The Way We Were

I came across the video below while looking for a definition of ‘information superhighway’ which was mentioned in a novel called Fear the Sky by Stephen Moss (I remain a dyed-in-the-wool ‘hard’ SF fan). Way back in the 90s I used to curl up on the settee next to my dad to watch Tomorrow’s World. I remember being utterly captivated by the idea of cyberspace, to the point that I wrote a science fiction novel (sadly incomplete) set in a time where hoverboards were the norm (thank you, Michael J. Fox), using magnetic strips in the roads with the rider’s hoverboard containing an opposing magnetic force, people communicated via wristwatches which doubled as fully interconnected computers, inter-planetary travel was possible and Mars had been made partially inhabitable. My central character was a teenager who was one of the second wave of Martian settlers. Strangely, many of these things are not too far from the truth! Anyway, I’ll leave Maggie Philbin (remember her?) to it:

Oh, the joys of 20:20 hindsight!



This Life

The difference between the things you do without any need to push yourself, or make any kind of effort of will, and the things you wish you could get round to but somehow never manage, is just the way you represent them in your mind.

~ Julie-Ann Amos, ‘Install Self Discipline’

Self discipline is an important part of a healthy adult life. When you have been abused you can grow up with problems with self discipline. The negative beliefs about yourself can overflow into every aspect of your life. Self discipline is a means of self control, and if you have had your boundaries removed by years of abuse, it can be extremely difficult to recognise that you can do things on your own, that you are competent and able to make decisions.

When I was first a single mother, although it was hugely cathartic to be ‘set free’, all the responsibility seemed overwhelming. I was slowly drowning. God reached into the miry pit and rescued me. He brought me to Celebrate Recovery and to church. He brought my dear husband to me, and me to him. Through the six years of our marriage, He has continued this (necessarily slow) healing with gentleness and compassion. All I have had to do is be willing. This is the working of grace.

Now He is preparing me for the next part, whatever that may be, by helping me see my flaws with clarity, and the ways in which I need to change. Change continues, by grace, and I grow more and more in love  with my Saviour. I could not even stand without Him. I marvel at what He has done! This life is a miracle.

How is God working in your life? Do let me know in the comments.

Legitimate Suffering, Legitimate Grace

The most common substitute for the legitimate suffering of the self is the illegitimate suffering of others.

…human beings who try to avoid changing themselves… always set out on a destructive course to change the world, others, or even God.

~ Wondrous Encounters: Scripture for Lent by Richard Rohr

Some of us respond to pain by taking every bad thing on board, believing ourselves worthless. Some of us respond to pain by exacting it on others. Some of us do both at the same time. Some switch from one to the other. They’re both human responses to pain – possibly even to the human condition. Jesus did not. He turned the world on its head when He willingly, consciously, conscientiously took the pain of all the world and bore it into the grave. In doing so He made it possible for us to say I don’t have to be like that any more. This is Grace, freely given.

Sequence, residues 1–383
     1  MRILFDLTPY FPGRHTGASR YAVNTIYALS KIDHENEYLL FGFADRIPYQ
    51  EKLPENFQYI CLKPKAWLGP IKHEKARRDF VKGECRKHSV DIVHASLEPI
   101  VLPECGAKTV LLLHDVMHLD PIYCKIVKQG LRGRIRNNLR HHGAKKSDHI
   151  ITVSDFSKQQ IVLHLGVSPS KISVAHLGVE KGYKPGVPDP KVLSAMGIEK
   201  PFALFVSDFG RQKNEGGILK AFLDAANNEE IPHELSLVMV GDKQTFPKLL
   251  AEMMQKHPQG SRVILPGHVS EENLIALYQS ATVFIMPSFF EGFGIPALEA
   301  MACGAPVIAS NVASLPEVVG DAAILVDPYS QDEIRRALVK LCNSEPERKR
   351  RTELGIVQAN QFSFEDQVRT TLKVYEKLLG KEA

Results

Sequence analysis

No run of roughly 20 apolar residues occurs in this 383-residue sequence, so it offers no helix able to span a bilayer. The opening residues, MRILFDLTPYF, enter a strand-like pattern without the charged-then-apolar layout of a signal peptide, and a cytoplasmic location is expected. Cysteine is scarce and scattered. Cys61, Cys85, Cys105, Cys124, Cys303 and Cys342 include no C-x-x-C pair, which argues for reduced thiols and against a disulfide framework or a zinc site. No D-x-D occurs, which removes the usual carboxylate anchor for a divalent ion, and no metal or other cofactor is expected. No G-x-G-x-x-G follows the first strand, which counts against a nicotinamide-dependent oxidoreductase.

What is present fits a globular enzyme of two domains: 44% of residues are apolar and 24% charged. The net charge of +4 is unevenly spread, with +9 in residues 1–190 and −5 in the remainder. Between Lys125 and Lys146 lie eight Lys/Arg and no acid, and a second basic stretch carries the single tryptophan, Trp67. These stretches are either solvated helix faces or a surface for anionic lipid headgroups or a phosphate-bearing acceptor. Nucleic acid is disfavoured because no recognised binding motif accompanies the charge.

We love because he first loved us.

1 John 4:19 (The Life with God Bible NRSV)

How Well Do You Love?

On that day when I stand face to face with my King, He won’t ask me how well I sang in worship, how well I knew my bible or how many Sundays my backside warmed the pew. No, He’ll ask me how I served ‘the least of these’; He’ll ask me how well I loved.

Questions: what is love? What does it look like in practice? What needs to happen within us to change our inside as well as our outside?

Reblog: Clean Clothes On A Sweaty Body


A very good metaphor. I think legalism is us trying to put the ‘right’ clothes on. The intent is good, laudable even, but it doesn’t change the inside. It can’t change the inside; this is only done by grace, and it doesn’t happen overnight. It takes time to bear good fruit.


‘Any branch in Me that does not bear fruit [that stops bearing] He cuts away (trims off, takes away); and He cleanses and repeatedly prunes every branch that continues to bear fruit, to make it bear more and richer and more excellent fruit… Dwell in Me, and I will dwell in you. [Live in Me, and I will live in you.] Just as no branch can bear fruit of itself without abiding in (being vitally united to) the vine, neither can you bear fruit unless you abide in Me… If you live in Me [abide vitally united to Me] and My words remain in you and continue to live in your hearts, ask whatever you will, and it shall be done for you.’ 

Excerpts from John 15:2-7 (Amplified)

Tim's Blog - Just One Train Wreck After Another

A year ago we helped our daughter move into a new apartment. It was hotter and more humid than usual for the San Diego coast, but We couldn’t wait for better weather since her last year of university was about to start. Besides, this apartment was an answer to prayer.

A much newer place than our daughter's furniture was in (Wikipedia) A much nicer place than our daughter’s furniture was in

First thing we did was pick up the moving van from the rental place, then straight to the storage unit where her things had been kept while she was in South Africa. Her unit was inside a two story warehouse, upstairs and down a long hallway lined with plywood walls and padlocked doors, and no ventilation.

Our first trip to the unit (and there would be several as we loaded up the moving van and our mini van with her and her roommate’s beds, desks…

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